"This is one way in which big data has been very valuable. It's forcing us to recognize this. Not only are we collecting data that we wouldn't even think about persisting [in the data warehouse], but we're consciously using it to change how we run the business."

He cites the example of a Dell customer, Kentucky State University (KSU).

"We built a system for them with that shows how their students are doing performance-wise, and ... it's designed to show them when their students are going to walk away from the grid based on their standings [in their classes]," he explains. This is an example of a traditional application of something like BI, Evans concedes, but data form social media permits KSU to do much more. "What they're thinking about is tying social media into that, too, to find the link and the cause and effect between social factors and the actual result case of a student not doing well in college."

As a result of these insights, KSU's internal processes will change not only its policies with regard to student performance, but, especially, the interventions that it prescribes based on how it projects that a student will perform. Data from social media will give KSU much more insight into why its students are failing. It will also introduce new complexities, particularly with respect to privacy and governance. KSU can use social data to tailor its policies and interventions more appropriately.

This, in turn, will drive changes in its traditional reporting and analytic infrastructure, but these changes must be done responsibly and ethically, Evans points out. "We can't ignore that data is only going to keep on growing and that we're going to want to do more and different things with it. More importantly, we can't ignore the fact that with our use of this [data] comes new privacy and security concerns, which, based on your industry, will drive what you do with the data and how you govern it."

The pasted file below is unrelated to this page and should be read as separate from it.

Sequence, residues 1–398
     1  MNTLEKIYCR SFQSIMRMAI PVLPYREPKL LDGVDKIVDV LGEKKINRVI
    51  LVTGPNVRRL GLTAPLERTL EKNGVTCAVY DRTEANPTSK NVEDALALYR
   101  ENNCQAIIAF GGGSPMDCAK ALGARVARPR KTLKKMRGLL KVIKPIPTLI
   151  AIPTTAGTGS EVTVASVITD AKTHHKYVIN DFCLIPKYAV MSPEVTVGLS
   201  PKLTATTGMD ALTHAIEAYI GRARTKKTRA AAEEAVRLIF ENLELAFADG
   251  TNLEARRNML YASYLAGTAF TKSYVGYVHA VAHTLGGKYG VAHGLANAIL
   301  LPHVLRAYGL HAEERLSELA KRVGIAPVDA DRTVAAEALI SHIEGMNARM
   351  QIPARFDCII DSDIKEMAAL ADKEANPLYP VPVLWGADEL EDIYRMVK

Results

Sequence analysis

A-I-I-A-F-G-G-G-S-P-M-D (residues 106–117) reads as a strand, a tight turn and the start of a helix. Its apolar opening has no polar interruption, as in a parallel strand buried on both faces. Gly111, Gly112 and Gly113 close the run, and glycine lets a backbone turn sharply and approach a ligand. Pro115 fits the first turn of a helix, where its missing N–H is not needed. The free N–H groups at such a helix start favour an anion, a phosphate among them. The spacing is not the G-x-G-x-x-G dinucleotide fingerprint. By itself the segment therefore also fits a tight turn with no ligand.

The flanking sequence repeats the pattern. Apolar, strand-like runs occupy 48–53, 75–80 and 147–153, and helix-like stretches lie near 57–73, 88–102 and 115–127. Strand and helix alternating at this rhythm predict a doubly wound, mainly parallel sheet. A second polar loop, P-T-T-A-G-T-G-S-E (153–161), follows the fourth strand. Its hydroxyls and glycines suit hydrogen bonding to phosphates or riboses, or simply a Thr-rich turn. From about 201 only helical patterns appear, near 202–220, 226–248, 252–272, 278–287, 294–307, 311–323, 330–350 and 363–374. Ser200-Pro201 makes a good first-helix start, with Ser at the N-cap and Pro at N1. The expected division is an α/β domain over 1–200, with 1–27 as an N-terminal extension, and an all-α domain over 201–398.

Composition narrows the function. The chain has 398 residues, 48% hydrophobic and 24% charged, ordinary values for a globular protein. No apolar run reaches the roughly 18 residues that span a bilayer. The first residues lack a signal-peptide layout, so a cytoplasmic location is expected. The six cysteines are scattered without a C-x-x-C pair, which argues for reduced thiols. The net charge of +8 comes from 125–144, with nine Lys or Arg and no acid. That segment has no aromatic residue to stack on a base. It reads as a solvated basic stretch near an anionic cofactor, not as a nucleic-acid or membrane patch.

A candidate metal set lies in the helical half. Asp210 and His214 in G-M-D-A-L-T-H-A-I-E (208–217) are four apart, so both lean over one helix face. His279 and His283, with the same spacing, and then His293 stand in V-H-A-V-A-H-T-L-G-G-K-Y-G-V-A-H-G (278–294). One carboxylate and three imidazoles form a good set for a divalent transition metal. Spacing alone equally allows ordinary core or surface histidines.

Governance is perhaps the least sexy topic on the planet, Evans concedes. This has to do with the fact that IT traditionally practiced a kind of overly onerous governance, particularly in the case of the data warehouse and its clean and consistent data. This was a case of IT exercising too much control, he argues; more recently, and with big data, especially, the pendulum has swung the other way -- toward a model in which IT has too little control over data.

In some cases, Evans argues, you're seeing an utter disregard for control: "Somebody's got to recognize and start talking about the fact that there are security problems, there are data quality problems, there are master data management problems all around how we're building these hybrid data ecosystems."

"People … are so focused on delivering a big data project that nobody's quite gotten around to the problem of how do we actually implement a metadata standard or a metadata 'universal translator' for this kind of thing," Evans concludes, invoking the Star Trek concept of a "universal translator" that can translate between and among (idiomatic) languages. "For a hybrid ecosystem with a data warehouse, NoSQL, a graph database, and Hadoop to succeed, the primary driver is going to be a metadata translation layer. You can't even begin to look at metadata governance in a proper way if you don't understand how the data is linked between individual systems."